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Metroid: Samus Returns
Game Reviews

Metroid: Samus Returns

New combat may irritate some, but overall a well-made and classic Metroid adventure.

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It’s always nice to play a new entry in a beloved game series. Well, “always” might be stretching it a tiny bit. Certainly we’ve all played games in a series we love that didn’t live up to our expectations – I’m sure you Devil May Cry fans out there have something to say about that point. In my case, I was pretty disappointed in 2016’s Metroid Prime: Federation Force, an underwhelming spinoff shooter that didn’t do justice to the Metroid name. Nintendo’s giving Samus another shot, though, with Metroid: Samus Returns. You’ll be glad to hear that it’s a little less…well, awful this time.

Samus Returns is, shockingly, a remake of the 1991 Gameboy title Metroid 2: Return of Samus. After the initial Metroid adventure, it was assumed that all of the titular parasitic blobs had been wiped out, but it’s later discovered that this is not the case and the planet of SR388, the creatures’ home world, remains infested. Bounty hunter Samus Aran is sent back in to finish the job and clean up the remaining Metroids, but they’ve had time to evolve into more dangerous forms in the meantime, so it’s not just a standup fight – it’s another bug hunt.

This plays out as you’d expect from a Metroid game. You’ll explore what amounts to a giant planet-wide dungeon while taking out baddies and collecting new gear that will facilitate further exploration. This entry differs somewhat from the formula by actually incorporating Samus’ mission into the gameplay: significant portions of SR388 are locked behind mechanics that require you to clean out all Metroids in a given area before they’ll activate and open the way forward. It’s a nice way to keep the player on task, though it means that exploration is more central than ever to progress.

Samus retains her usual abilities – she can run, jump, shoot, wall-jump and is rapidly able to curl up into the smaller Morph Ball form. There are a few new twists here, though. For one, Samus is now armed with the Melee Counter, a quick smack with her arm cannon that knocks enemies back and leaves them open to devastating critical shots. Nearly all of Samus Returns’ combat feels like it’s designed around using the Melee Counter; enemies are highly aggressive and Samus seems to do less damage unless an enemy has been countered and stunned. I think this is a bit of a divisive change, and personally I wasn’t especially in love with it, as it turned enemies into JUST enough of an annoyance that they’d manage to distract me from exploration. It’s not the end of the world, but I’d have preferred the more traditional run-and-gun-only style.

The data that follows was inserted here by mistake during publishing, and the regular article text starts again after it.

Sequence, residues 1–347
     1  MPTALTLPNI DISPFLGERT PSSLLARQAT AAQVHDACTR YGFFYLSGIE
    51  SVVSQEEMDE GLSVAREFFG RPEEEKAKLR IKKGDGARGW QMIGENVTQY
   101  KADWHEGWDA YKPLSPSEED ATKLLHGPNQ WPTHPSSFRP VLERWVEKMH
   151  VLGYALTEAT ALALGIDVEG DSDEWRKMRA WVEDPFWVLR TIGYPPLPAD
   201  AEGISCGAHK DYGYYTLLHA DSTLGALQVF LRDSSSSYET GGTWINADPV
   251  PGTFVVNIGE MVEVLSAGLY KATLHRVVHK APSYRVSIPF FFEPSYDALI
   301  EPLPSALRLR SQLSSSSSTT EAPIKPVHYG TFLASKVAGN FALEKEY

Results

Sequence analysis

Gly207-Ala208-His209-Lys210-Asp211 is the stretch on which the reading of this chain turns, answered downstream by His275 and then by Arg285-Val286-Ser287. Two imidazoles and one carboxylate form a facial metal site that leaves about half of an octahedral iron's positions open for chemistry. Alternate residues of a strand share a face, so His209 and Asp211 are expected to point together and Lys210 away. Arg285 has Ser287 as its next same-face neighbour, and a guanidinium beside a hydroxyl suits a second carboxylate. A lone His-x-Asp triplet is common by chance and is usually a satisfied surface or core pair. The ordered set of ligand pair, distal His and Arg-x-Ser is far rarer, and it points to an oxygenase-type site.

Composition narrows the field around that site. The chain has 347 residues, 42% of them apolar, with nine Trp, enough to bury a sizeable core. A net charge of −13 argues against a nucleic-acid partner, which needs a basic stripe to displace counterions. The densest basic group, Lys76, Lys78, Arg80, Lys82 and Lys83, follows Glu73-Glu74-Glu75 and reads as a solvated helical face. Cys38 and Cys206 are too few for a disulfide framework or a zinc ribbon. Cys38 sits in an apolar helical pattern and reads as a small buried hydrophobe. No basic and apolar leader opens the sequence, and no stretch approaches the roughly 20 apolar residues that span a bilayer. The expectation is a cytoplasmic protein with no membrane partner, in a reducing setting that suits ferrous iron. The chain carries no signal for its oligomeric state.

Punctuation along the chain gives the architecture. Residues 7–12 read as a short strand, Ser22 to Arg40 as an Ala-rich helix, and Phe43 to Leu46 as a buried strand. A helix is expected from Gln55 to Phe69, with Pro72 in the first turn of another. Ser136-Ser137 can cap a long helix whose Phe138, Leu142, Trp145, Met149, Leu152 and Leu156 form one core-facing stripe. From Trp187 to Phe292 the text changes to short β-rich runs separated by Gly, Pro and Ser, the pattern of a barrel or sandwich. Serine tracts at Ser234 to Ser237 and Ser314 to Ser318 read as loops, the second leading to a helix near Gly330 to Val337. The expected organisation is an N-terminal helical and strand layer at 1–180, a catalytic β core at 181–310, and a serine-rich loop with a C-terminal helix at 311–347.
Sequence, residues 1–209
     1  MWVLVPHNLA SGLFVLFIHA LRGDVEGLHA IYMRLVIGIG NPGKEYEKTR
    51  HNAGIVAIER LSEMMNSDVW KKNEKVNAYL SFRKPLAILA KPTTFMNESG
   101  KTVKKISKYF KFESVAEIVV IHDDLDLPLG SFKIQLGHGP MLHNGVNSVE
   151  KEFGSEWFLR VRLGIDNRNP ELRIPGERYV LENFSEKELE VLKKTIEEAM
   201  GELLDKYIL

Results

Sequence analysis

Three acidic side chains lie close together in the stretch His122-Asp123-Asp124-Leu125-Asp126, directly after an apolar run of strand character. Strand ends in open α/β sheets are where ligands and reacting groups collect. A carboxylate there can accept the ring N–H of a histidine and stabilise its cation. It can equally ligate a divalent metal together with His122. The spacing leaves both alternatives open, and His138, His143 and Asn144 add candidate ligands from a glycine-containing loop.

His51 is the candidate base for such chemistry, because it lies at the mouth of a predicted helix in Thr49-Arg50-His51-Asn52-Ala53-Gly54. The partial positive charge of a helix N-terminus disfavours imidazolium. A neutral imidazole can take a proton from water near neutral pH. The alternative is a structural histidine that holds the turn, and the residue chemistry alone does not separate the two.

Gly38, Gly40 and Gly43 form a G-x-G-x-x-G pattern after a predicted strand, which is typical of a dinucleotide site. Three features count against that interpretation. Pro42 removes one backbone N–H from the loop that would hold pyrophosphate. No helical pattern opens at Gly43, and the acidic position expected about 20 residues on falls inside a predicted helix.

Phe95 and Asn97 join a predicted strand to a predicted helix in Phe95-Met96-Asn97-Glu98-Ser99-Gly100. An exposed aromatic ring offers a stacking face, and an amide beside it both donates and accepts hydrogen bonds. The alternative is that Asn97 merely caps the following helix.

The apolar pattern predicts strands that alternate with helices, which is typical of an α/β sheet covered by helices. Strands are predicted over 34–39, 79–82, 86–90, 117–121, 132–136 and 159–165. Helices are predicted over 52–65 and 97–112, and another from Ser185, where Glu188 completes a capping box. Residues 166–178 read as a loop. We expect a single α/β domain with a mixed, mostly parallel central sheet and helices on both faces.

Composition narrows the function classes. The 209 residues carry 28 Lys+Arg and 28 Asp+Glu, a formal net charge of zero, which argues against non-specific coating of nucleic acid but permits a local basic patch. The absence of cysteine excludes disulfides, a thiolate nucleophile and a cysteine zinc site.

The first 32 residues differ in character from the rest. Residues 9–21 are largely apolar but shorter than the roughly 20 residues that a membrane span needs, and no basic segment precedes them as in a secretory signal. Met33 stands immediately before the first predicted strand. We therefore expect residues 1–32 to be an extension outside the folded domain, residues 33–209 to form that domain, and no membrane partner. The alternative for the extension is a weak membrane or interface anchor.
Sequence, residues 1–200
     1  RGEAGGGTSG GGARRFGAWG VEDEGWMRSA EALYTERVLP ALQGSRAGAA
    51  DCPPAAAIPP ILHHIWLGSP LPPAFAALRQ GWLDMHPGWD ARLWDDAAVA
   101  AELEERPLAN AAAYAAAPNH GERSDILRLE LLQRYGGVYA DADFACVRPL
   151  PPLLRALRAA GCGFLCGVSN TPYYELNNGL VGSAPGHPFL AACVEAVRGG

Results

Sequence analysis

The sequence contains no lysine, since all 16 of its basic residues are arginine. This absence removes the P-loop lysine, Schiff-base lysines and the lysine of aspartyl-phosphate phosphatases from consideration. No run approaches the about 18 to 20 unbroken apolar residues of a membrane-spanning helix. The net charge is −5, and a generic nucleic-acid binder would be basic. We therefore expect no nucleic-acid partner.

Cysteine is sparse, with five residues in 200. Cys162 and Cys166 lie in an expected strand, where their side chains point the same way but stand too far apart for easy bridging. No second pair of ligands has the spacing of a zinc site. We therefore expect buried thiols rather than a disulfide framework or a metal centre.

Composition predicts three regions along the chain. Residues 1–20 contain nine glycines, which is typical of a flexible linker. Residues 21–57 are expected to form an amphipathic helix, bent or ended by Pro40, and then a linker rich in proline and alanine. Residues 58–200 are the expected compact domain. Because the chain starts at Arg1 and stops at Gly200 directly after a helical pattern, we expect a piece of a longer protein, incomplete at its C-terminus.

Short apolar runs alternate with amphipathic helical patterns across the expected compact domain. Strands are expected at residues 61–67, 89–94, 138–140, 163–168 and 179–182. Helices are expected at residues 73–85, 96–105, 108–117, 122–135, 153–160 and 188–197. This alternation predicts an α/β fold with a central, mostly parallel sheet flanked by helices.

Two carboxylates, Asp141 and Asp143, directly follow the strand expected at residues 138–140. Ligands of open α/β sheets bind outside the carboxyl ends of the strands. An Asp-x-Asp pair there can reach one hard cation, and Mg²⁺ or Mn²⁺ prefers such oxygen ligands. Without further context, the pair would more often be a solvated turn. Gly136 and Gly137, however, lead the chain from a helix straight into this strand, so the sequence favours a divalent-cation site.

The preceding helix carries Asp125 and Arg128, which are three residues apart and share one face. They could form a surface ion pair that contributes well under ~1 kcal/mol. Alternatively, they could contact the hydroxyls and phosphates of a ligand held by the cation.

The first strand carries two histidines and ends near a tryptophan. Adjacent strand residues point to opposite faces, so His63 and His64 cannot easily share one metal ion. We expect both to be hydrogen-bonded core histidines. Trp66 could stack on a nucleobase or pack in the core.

It seems like the developers had the tendency of combat to pull one’s attention away from discovery in mind when they created the new set of Aeion gear. These are special abilities which run on their own resource called Aeion that’s regularly dropped by enemies and found throughout the environment. The first that’s available is a scanner that analyzes the area around Samus, revealing a chunk of the map and marking potentially breakable blocks. This takes some of the exploration out of exploration, so to speak, but now that you have to pay attention to even smaller enemies it’s a nice touch. Other Aeion powers include bullet time and an armor boost, so you’ve got other uses for Aeion than dumping it all into the scanner. Generally speaking, Samus Returns his the important parts of the Metroid experience and does well enough to be enjoyable; your views on the shaken-up combat may vary, but it’s hard to deny that this is a Metroid adventure through and through.

As expected for an entry in one of Nintendo’s flagship franchises, Samus Returns looks and sounds great. I’m still unable to use stereoscopic 3D and thus still can’t comment on that side of things, but these are some great graphics otherwise; in particular, the Melee Counter system allows enemies to look and feel much more interesting and dynamic than they did in previous Metroid games. Likewise, Samus Returns’ sound is packed with the usual Metroid themes and jingles, including the classic item-get tune. If you’re an Amiibo fan you’ll be glad to hear that this game supports the figures, offering various bonuses such as assistance with tracking Metroids. One divisive touch is that a more difficult version of the game, Fusion Mode, is actually locked behind Amiibo support, so players looking for a challenge may want to keep that in mind.

There was some reasonable trepidation regarding Metroid: Samus Returns when it came out that it was being developed by MercurySteam, a team responsive for the Castlevania: Lords of Shadow games, which were generally held to be less than fantastic. Skepticism is always wise, but in this case it was unnecessary. Metroid: Samus Returns is a worthy entry in the series and a great way of washing out the foul taste of Federation Force.

About the Author: Cory Galliher